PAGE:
Having a Job Helps Heart Health in Black Women

Study comparing employment to homemaking finds no benefit for whites

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HealthDay Reporter

FRIDAY, March 7, 2003 (HealthDayNews) -- It's widely believed that one reason men die sooner than women is because of the stress working for a living puts on their hearts.

The opposite may be true for black women, new research has found.

The study says black women who work outside of the home are less likely to have a heart attack than black homemakers.

The same connection between employment and protection against heart attacks wasn't found among white women, however.

Researchers aren't exactly sure why this is, but it's possible that black women benefit even more from employment than white women because black women tend to start out poorer, says April Perry, lead investigator on the study and a doctoral candidate at the University of North Carolina at Chapel Hill.

Better finances from working could give black women greater access to medical care. Black women who work might also have greater social support than black women who stay at home. Previous research has shown strong social relationships can help ward off heart disease.

The study was presented March 6 at the American Heart Association's annual conference on cardiovascular disease epidemiology and prevention in Miami.

Perry and her colleagues analyzed health and employment information of 6,855 women aged 45 to 64 taking part in a study of 16,000 middle-aged people called Atherosclerosis Risk in Communities. About 26 percent of the women were homemakers and 74 percent had jobs at the time.

During the next 11 years, 302 women had a "coronary event," including fatal and nonfatal heart attacks and surgical procedures to clear blockages in the heart.

After adjusting for age and socioeconomic status, researchers found that black homemakers were twice as likely as employed women to have a coronary event. There was no statistically significant difference among white homemakers or workers.

One of the reasons for the difference is that black homemakers had more physical risk factors for heart disease than black women with jobs. Black homemakers had higher rates of hypertension and diabetes, higher body mass indexes, higher cholesterol, and were more likely to smoke and drink alcohol, known risk factors for heart disease.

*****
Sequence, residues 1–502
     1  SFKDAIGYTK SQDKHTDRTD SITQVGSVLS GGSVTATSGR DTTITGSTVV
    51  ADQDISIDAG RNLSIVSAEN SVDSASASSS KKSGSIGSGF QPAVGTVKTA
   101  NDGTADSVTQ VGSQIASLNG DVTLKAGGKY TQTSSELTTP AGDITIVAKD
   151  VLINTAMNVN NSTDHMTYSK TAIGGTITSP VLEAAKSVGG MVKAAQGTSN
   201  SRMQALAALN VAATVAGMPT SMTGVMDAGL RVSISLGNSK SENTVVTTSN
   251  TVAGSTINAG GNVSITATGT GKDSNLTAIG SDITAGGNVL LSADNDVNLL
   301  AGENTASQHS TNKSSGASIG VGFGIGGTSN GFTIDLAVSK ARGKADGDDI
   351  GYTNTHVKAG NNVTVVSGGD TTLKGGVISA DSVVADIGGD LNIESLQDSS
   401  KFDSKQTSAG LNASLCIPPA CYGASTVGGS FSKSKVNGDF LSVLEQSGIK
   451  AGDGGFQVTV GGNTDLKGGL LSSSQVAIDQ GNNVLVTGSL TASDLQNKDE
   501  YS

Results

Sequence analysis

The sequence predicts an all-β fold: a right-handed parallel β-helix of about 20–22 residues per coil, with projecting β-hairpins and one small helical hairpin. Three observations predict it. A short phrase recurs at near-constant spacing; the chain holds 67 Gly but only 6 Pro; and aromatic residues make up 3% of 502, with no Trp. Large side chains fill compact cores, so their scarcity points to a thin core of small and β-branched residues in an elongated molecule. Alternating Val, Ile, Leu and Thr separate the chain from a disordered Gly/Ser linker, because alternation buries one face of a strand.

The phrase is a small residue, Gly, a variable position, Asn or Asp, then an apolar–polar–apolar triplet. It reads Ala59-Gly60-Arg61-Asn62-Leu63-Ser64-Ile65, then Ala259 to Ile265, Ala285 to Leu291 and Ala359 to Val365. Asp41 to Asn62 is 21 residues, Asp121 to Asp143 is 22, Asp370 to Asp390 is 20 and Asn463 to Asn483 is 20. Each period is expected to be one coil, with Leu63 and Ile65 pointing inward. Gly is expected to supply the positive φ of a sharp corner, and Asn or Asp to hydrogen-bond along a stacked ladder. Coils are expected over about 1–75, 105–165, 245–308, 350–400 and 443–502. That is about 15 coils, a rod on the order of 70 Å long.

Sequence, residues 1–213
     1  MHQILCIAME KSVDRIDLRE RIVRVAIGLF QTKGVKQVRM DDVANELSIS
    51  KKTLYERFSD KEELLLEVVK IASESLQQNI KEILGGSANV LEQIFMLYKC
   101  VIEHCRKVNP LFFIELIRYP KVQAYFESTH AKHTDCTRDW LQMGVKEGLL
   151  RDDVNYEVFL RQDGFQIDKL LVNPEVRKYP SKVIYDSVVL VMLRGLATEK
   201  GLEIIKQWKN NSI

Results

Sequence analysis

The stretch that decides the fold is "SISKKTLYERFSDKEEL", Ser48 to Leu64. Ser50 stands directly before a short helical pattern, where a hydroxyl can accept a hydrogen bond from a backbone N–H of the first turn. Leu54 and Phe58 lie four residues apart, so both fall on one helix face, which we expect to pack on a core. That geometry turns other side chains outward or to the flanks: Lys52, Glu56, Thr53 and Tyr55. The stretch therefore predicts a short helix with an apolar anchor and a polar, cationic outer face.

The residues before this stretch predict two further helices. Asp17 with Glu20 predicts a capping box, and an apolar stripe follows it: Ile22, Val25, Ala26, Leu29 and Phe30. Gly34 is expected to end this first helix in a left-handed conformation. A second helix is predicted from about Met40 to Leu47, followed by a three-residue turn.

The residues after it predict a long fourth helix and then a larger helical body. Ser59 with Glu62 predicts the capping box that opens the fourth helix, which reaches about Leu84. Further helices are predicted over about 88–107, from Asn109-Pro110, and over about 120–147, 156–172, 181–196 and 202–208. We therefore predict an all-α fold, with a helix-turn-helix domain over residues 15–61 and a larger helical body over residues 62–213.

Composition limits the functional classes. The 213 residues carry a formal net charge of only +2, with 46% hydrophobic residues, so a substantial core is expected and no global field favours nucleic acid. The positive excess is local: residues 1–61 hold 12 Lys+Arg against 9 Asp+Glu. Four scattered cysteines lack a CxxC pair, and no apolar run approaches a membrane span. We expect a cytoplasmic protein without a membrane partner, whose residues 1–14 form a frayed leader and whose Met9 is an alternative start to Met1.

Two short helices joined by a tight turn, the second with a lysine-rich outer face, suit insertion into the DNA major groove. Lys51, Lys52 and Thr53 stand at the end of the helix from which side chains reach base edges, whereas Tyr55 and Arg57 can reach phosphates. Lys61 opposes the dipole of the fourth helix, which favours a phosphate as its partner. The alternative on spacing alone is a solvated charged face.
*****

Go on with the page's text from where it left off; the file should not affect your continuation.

Even after controlling for those factors, black working women still had a 33 percent less risk of a coronary event than black homemakers. While the difference was not statistically significant from a research perspective, Perry says is still bears a closer look.

"More studies are needed looking at the employment situation of women, and physicians need to make sure that there is monitoring of the risk factors among these homemaking women," Perry says.

Richard A. Stein, a professor of clinical medicine at Cornell Medical Center and chief of cardiology at Brooklyn Hospital Center, both in New York, calls the study results "intriguing."

However, Stein, an American Heart Association spokesman, says discussing the reasons why is "pure speculation." Black women with jobs might get more exercise than homemakers. Employed women might have more money to buy healthier foods."

"All I can say is that concerns that African-American women in the workplace are going to have a higher incidence of heart disease because of the demands of juggling the responsibilities of home and job are not borne out by this study," he says.

Perry acknowledges that one weakness of the research is that the employment information was limited to whether or not the women were working at the time of the study. It's unknown if their employment status changed during the 11 years they were followed.

Women are expected to make up just under half of the U.S. labor force by 2010, Perry says.

"These findings should encourage additional research into the labor force experience of women and how these experiences may affect their cardiovascular health," Perry says.

More information

For tips on preventing heart disease, check out the National Heart, Lung, and Blood Institute or the National Women's Health Information Center.

SOURCES: April Perry, M.S.P.H., doctoral candidate, epidemiology, University of North Carolina, Chapel Hill; Richard A. Stein, professor, clinical medicine, Cornell Medical Center, and chief, cardiology, Brooklyn Hospital Center, New York City; March 6, 2003, presentation, American Heart Association, annual conference, cardiovascular disease epidemiology and prevention, Miami

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